A more detailed description is here:


After several long email threads that are archived at:

The patches have been accepted into the OpenJDK Hotspot code base as in:

  http://hg.openjdk.java.net/hsx/hotspot-gc/hotspot/rev/ca9dedeebdec (parallel initial mark)
  http://hg.openjdk.java.net/hsx/hotspot-gc/hotspot/rev/7b06ae405d7b (better parallelized remark)
  http://hg.openjdk.java.net/hsx/hotspot-gc/hotspot/rev/cb9da55b1990 (a bug fix, authored by Jon)

Hopefully, with these changes, your initial/remark pause times will be shorter than before, especially in your big-heap Java applications.

Thanks to Jon Masamitsu, Thomas Schatzl, and Chuck Rasbold for sponsoring and/or reviewing the patches.

Friday, June 21, 2013

Making the JVM release memory

It's well known that a Java application (the JVM) won't typically release much memory once it's warmed up, even when the application is lightly loaded or even idle at a later time.

If you plot the memory usage (or the resident set size) of a Java application, it typically looks like a mostly flat line after an upslope at the beginning. At a low level, this corresponds to the memory pages of the Java heap gradually getting allocated, and once all the pages are allocated, the memory usages stays mostly flat even when a large portion of the heap is not used * **.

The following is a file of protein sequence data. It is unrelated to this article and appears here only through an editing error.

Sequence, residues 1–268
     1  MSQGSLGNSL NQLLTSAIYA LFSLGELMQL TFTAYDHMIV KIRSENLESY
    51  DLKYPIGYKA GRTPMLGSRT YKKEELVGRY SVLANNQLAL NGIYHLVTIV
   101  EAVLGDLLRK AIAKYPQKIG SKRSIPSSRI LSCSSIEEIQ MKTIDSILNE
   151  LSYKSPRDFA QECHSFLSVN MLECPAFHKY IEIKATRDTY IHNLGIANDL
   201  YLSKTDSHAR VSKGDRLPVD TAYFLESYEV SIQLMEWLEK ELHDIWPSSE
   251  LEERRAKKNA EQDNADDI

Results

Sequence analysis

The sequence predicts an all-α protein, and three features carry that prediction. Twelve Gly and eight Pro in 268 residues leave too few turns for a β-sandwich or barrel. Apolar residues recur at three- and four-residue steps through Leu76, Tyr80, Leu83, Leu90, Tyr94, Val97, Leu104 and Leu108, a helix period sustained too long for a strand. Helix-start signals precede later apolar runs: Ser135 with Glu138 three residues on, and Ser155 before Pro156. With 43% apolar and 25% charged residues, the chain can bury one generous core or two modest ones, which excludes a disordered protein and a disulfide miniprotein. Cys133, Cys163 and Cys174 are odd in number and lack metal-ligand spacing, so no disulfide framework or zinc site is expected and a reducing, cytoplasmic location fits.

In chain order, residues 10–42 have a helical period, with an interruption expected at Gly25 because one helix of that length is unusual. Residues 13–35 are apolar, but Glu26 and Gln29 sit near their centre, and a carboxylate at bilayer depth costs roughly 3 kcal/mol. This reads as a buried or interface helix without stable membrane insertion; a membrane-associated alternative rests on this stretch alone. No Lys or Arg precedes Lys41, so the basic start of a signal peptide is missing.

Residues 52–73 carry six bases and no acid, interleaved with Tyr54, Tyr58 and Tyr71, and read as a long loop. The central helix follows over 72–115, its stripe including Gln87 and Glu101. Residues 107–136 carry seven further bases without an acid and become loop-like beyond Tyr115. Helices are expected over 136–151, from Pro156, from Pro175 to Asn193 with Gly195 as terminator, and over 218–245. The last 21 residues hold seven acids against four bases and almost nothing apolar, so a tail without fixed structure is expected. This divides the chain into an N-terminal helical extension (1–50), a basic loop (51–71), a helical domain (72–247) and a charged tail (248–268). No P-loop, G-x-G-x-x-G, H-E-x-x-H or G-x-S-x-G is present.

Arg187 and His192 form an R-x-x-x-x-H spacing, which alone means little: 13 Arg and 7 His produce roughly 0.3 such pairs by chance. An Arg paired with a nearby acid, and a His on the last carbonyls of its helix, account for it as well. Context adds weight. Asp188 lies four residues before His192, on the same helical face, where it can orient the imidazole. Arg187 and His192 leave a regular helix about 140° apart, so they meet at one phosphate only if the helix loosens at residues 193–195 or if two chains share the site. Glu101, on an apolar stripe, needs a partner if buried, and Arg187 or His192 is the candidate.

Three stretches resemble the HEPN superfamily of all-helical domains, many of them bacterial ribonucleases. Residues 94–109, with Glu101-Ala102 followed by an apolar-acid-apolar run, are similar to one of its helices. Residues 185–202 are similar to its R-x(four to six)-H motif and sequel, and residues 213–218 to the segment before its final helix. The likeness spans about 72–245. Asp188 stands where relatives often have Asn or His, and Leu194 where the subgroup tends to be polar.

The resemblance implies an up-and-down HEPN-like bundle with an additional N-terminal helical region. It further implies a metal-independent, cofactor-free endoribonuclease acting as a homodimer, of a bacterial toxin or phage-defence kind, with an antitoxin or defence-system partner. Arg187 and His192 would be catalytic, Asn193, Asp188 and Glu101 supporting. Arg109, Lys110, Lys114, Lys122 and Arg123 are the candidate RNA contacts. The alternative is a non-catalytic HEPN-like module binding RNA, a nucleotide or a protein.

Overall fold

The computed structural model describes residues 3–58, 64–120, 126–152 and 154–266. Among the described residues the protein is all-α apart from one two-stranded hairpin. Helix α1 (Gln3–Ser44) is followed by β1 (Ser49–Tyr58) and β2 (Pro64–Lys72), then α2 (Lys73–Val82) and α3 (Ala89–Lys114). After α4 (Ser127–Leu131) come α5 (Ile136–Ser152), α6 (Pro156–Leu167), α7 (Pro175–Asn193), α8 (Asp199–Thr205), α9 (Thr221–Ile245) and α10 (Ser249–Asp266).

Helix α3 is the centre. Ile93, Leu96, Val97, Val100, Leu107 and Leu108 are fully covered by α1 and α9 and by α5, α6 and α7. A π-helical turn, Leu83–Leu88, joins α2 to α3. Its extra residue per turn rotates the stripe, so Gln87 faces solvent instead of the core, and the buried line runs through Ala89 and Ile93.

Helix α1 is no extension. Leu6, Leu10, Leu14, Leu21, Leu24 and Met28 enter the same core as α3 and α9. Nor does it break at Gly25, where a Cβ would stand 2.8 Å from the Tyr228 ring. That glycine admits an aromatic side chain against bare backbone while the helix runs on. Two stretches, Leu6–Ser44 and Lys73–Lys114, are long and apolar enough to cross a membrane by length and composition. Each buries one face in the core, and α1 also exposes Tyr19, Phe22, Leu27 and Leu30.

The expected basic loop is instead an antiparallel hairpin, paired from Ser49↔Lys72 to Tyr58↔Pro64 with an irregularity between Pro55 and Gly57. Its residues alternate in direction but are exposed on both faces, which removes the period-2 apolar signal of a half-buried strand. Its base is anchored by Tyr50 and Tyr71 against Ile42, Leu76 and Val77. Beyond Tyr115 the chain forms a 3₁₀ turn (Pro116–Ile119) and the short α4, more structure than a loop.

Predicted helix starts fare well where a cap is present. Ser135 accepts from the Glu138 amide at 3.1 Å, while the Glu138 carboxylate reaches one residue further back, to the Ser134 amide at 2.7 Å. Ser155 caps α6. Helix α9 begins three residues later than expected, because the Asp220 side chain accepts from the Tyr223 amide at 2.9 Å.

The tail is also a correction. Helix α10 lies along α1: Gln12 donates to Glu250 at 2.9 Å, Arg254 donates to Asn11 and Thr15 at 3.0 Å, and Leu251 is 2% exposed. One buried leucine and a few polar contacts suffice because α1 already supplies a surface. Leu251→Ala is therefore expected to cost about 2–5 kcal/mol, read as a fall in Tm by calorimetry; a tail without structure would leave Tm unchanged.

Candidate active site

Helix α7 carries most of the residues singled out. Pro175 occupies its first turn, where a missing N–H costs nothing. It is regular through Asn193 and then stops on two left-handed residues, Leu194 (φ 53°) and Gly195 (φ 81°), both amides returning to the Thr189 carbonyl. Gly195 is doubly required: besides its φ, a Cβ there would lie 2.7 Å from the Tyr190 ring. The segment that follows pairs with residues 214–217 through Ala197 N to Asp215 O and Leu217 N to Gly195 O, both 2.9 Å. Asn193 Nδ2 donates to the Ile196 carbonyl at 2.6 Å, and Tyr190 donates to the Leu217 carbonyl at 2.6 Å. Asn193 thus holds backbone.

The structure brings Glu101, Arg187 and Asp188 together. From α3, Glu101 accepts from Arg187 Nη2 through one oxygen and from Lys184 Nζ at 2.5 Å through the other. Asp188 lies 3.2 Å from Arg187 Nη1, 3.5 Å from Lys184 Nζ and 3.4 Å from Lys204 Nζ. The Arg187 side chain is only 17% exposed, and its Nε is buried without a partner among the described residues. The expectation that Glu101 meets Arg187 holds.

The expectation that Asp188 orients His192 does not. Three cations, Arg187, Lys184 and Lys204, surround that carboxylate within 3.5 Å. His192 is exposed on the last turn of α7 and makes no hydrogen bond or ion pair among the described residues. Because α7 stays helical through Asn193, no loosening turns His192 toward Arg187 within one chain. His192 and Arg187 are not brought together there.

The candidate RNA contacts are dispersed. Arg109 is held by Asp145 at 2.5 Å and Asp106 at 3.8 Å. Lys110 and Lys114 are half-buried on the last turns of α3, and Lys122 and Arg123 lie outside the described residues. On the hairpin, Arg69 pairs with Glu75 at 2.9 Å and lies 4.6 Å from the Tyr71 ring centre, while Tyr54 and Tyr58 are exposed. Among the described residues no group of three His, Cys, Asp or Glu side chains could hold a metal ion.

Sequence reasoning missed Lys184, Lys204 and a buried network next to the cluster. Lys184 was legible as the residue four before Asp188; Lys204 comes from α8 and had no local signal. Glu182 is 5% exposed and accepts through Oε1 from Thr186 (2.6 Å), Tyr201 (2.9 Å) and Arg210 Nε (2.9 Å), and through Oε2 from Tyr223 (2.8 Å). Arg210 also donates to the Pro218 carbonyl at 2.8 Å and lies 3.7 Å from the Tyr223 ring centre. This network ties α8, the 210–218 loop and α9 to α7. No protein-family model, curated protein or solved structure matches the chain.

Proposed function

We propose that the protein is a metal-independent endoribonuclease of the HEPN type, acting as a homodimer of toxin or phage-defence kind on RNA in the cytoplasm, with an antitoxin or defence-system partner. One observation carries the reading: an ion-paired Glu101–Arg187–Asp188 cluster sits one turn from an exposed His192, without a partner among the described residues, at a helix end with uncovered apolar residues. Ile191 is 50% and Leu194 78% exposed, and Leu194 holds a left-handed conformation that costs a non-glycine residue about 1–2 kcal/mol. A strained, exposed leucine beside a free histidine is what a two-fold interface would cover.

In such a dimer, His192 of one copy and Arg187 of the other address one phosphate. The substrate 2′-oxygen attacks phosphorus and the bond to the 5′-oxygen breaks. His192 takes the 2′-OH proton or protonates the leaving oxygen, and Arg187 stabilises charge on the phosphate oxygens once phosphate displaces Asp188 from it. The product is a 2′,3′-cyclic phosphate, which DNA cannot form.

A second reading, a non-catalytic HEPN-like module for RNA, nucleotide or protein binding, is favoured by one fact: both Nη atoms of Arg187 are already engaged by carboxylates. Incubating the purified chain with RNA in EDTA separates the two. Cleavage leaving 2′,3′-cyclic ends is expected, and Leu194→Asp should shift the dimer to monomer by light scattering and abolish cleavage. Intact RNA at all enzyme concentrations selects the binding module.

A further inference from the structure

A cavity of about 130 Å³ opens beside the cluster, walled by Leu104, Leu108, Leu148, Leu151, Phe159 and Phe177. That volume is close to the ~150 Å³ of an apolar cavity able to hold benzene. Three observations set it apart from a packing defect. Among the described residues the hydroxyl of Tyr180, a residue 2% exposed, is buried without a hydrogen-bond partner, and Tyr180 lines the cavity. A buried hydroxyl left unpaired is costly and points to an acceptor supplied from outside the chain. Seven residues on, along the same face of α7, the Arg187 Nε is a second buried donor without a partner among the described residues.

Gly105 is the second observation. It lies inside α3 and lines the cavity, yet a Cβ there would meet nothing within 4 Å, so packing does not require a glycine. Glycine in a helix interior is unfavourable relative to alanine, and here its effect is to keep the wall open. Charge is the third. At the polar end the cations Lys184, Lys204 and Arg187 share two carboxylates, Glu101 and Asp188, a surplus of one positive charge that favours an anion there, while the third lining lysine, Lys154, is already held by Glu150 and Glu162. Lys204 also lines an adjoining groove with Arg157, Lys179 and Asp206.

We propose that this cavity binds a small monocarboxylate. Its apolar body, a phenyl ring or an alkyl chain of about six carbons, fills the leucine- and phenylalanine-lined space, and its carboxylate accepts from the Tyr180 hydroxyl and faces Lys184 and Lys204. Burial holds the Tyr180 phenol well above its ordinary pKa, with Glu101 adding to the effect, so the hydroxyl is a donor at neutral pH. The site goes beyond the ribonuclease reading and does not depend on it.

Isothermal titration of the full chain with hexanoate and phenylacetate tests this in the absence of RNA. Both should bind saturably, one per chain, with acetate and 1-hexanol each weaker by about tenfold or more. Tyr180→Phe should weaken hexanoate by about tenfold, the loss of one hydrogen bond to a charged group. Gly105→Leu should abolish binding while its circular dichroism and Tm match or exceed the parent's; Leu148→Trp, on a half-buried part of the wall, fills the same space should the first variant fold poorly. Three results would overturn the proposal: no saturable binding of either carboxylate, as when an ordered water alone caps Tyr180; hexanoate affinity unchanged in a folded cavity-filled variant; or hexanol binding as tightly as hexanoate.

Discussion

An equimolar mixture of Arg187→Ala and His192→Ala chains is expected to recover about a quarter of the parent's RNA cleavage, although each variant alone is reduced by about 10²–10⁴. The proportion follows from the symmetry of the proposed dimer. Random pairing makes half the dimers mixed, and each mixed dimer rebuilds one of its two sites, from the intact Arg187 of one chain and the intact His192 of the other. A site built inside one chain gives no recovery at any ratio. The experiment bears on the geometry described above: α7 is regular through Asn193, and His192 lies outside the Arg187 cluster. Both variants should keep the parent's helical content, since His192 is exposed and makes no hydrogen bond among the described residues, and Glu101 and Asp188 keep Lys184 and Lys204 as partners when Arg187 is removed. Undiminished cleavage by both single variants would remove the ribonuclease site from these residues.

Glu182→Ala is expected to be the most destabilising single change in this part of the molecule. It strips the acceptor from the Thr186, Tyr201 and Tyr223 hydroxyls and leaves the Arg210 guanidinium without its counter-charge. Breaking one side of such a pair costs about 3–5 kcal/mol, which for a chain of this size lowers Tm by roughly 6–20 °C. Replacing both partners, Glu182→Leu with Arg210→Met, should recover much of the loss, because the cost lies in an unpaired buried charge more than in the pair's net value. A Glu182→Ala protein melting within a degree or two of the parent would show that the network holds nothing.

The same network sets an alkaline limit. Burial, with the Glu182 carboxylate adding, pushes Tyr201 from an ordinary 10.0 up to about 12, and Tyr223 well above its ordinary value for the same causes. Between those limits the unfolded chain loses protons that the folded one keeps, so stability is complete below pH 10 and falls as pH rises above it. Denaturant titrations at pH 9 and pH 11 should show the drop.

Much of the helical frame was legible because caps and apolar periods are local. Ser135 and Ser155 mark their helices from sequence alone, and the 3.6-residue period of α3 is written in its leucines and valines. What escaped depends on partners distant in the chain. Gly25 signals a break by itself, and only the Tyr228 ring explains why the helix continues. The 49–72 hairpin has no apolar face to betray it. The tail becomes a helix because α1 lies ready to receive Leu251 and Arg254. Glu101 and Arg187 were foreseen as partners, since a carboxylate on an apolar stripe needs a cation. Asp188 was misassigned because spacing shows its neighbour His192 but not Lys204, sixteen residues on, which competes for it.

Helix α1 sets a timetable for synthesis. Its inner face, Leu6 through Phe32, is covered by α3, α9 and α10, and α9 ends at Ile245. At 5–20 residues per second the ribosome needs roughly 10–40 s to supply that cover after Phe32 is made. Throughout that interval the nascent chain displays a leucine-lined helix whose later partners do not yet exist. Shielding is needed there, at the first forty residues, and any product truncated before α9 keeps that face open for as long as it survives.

This can be a problem if a Java application is run on a non-dedicated system (a server or desktop) where it co-exists with other (non-Java) applications. In a non-dedicated system, one application that's not playing nice with others by dominating the memory can slow down the other applications, or prevent them from running.

This is where an experimental JVM feature, DeallocateHeapPages, that I worked on comes in. It causes the underlying memory pages that correspond to the unused (free) parts of the heap to be deallocated (released) and helps reduce the memory usage of a Java application. Internally, it calls the system call madvise(MADV_DONTNEED) for the bodies of free chunks in the old generation without unmapping the heap address space.

Another way to look at this is that this feature makes the memory usage of a Java application behave more like that of a C/C++ application where the process memory usage is more in line with the memory actually used by the application.

This has been very useful for servers and desktop tools that we have at Google and helped save a lot of memory (RAM) usage.

The implementation currently supports the concurrent mark sweep (CMS) collector and the Linux platform.

Here's the email thread on the OpenJDK mailing list and a link to the JVM patch:



The patch hasn't been accepted (yet) as the support for all the other OS platforms is deemed necessary for that to happen, which it lacks. I might be able to address that at some point, if I have the time and resources to make it happen.

* For simplicity, I am ignoring the memory use other than the heap such as the native C heap and the thread stacks here as the heap uses usually by far the largest amount of memory.

** Though the serial garbage collector (-XX:+UseSerialGC) of the JVM can occasionally shrink the heap and return memory, it's almost never used in production for an obvious performance reason. The parallel collector and the concurrent mark sweep (CMS) collector, which are often used in production, almost never shrink the heap and return memory, in my experience.